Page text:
The US Securities and Exchange Commission (SEC) has gussied up and gone formal with its IBM probe.
Oracle has bundled a set of its web-service-enabled middleware to help customers deploy the infrastructure needed for service-oriented architectures (SOAs).
Compel has bought Allinity Limited, a specialist Peoplesoft consultancy, for a down-payment of £1m in cash and shares.
Phoenix IT has emerged from contract negotiations with EDS Global Field Services to supply desktop maintenance and support at Department of Work and Pension with an £8m plum.
Microsoft hasn't updated the Mac version of Windows Media Player since 28 November 2003, and it doesn't look like it's going to do so ever again - despite the software giant's plan, stated this week, to continue developing Office:Mac for the next five years or more.
Research in Motion (RIM) has licensed third-party utility PocketMac for Blackberry and will provide the $30 software to Mac-based Blackberry owners free of charge.
A couple of weeks back we ran an amusing little ditty about a couple of UK college ne'er-do-wells who had been captured on Google Earth lounging about in a sunny back garden swilling gin.
Mobile phone shipments may rise this year, but manufacturers are going to see revenues fall as the momentum driving the market over the past few years stalls.
Fujitsu today said it plans to break into the 1.8in hard disk drive market, part of a strategy to double the company's unit sales by 2009 and grab third place in the HDD market in the same timeframe.
US consumer watchdogs have put together a quiz designed to educate Joe Public to be on guard online. Consumers can test their knowledge about safeguarding their personal information and remediation steps they might want to take if their ID is purloined here.
Fujitsu-Siemens is apparently gearing up to hop on the Blackberry-clone bandwagon, following Motorola's Q, Nokia's E61, HP's iPaq hw6500 series and Palm's Treo family with a keyboard-equipped smart phone of its own in Q3.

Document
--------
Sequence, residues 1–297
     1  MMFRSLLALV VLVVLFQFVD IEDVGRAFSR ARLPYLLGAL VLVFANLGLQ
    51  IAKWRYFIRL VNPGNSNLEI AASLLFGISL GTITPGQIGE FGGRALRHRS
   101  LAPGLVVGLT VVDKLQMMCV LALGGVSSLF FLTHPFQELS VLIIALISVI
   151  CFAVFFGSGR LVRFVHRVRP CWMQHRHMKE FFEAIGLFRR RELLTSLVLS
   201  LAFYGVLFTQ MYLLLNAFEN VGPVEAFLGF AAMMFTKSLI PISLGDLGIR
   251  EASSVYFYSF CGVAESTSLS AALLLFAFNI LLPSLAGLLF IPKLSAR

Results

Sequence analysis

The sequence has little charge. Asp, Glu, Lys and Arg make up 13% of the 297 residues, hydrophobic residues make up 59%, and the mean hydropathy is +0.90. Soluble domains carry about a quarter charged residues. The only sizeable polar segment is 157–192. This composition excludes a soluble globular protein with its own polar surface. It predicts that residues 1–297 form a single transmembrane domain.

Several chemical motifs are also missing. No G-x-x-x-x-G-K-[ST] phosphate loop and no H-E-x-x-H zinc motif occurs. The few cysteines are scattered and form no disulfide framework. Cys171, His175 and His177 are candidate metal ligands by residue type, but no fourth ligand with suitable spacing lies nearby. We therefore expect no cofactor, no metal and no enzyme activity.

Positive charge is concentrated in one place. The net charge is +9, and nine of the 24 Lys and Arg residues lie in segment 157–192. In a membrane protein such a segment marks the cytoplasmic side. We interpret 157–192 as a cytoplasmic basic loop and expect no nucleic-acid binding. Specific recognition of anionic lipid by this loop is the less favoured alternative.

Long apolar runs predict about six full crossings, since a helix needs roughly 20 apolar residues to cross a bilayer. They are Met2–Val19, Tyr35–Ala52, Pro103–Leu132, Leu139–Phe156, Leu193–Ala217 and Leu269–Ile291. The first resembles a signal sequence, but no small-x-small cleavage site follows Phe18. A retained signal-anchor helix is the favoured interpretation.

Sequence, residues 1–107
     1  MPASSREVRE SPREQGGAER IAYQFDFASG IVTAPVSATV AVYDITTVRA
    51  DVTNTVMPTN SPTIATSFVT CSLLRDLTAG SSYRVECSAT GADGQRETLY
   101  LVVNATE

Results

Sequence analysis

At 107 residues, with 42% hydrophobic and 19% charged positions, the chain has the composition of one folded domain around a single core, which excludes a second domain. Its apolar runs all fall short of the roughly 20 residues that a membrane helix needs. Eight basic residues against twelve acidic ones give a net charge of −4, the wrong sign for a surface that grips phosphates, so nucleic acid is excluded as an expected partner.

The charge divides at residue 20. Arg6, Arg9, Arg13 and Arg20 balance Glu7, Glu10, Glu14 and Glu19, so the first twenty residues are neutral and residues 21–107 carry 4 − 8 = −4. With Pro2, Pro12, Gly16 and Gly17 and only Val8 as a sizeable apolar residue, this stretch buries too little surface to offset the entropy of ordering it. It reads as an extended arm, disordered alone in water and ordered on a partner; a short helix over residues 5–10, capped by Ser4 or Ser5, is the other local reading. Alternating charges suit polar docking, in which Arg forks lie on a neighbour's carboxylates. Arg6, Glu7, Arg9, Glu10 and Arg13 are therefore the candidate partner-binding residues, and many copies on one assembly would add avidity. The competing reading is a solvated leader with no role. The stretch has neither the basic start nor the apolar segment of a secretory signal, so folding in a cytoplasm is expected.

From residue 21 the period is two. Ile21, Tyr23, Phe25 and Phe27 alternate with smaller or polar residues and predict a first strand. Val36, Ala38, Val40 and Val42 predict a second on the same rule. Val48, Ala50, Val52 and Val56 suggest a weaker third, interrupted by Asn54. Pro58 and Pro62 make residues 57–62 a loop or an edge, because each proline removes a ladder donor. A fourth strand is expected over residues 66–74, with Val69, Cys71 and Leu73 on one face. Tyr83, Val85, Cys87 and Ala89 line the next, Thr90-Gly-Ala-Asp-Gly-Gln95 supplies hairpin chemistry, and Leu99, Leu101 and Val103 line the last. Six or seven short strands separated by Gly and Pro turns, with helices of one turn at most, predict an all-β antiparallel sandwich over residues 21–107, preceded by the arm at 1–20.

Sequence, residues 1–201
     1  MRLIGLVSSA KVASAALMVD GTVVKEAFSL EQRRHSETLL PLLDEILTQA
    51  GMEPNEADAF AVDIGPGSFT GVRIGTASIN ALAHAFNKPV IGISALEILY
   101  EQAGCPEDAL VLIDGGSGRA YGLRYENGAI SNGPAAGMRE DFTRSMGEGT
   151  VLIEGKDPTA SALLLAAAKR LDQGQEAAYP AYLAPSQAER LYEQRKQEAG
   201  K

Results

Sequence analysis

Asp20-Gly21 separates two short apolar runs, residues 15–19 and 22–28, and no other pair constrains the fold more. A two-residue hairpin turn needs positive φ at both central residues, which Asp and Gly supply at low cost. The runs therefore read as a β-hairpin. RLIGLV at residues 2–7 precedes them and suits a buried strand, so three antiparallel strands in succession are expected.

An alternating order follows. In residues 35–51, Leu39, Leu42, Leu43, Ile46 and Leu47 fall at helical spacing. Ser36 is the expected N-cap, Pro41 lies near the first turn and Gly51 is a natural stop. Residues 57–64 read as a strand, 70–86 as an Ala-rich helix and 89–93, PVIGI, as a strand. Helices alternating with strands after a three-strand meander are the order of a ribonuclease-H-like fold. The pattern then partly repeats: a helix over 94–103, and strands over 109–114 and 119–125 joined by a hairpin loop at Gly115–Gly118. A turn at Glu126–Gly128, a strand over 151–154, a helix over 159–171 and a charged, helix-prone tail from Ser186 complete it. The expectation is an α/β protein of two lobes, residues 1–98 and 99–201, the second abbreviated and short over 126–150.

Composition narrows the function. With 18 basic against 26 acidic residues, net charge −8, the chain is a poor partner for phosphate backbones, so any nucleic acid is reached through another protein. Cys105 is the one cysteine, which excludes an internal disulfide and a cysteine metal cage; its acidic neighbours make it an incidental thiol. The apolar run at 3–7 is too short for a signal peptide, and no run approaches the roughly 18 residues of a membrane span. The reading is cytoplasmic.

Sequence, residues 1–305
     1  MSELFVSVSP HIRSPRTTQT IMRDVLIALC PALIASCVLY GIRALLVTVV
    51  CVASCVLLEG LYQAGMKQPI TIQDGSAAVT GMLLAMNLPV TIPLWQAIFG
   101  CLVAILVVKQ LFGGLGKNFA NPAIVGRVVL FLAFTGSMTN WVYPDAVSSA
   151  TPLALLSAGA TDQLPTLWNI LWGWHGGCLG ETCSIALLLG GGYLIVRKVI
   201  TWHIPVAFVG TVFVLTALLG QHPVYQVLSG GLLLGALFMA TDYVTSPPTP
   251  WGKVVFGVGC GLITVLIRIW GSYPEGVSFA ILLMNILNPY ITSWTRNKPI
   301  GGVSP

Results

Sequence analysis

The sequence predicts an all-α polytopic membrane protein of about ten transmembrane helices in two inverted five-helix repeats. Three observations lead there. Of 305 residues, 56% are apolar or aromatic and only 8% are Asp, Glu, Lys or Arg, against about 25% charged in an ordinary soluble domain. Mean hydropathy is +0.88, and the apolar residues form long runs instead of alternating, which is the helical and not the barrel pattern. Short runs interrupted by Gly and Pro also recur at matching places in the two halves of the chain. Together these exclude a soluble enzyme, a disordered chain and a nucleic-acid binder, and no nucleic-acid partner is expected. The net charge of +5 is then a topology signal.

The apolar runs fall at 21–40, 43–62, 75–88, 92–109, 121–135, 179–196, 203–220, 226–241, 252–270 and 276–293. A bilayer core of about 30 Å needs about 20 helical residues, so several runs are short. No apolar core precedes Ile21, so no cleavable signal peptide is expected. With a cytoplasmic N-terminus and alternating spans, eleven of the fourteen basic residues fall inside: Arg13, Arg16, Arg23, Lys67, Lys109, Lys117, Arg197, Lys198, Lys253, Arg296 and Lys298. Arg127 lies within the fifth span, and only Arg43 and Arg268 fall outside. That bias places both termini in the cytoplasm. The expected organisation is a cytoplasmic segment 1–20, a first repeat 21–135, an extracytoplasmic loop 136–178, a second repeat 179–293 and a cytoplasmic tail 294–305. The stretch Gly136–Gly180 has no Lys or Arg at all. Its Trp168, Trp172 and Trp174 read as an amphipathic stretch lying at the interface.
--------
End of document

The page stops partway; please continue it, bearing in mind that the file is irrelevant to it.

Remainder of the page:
For four days in January, network administrators and security-savvy home users had a choice: download and install an unofficial open-source fix for the critical flaw in the Windows Meta File (WMF) format, or wait an estimated week for an official patch from Microsoft.
Despite a bumper year for internet retailers, more than three-quarters of the UK's small businesses are still failing to take advantage of a widening online customer base, new research shows.
Pipex is looking to accelerate its investment in broadband this year by installing its kit in about 100 exchanges over the next 12 months.
The BBC has sold last year's season of the revived Doctor Who to the Sci-Fi Channel, paving the way for the Dotor's new adventures to be broadcast in the US.
A US spammer likely faces at least two years in jail next week after he admitted using networks of compromised PCs to distribute junk mail messages. Daniel Lin, of West Broomfield, Detroit, is expected to plead guilty next Tuesday (17 January) at a court hearing after he admitted using virus-infected corporate computers to peddle weight-loss cures penis pills and other assorted tat. Lin struck a deal with prosecutors which means he'll only go to jail for between two years and 57 months instead of the far more lengthy incarceration he risked if he'd continued to protest his innocence.
NTL is getting ready to make another formal bid for Virgin Mobile, reports the Independent after its £817m bid (323p a share) for the mobile operator was rejected by the board of Virgin Mobile in December.
This year's CSE saw big names committing to the video file download cause. But how realistic is watching films over the internet?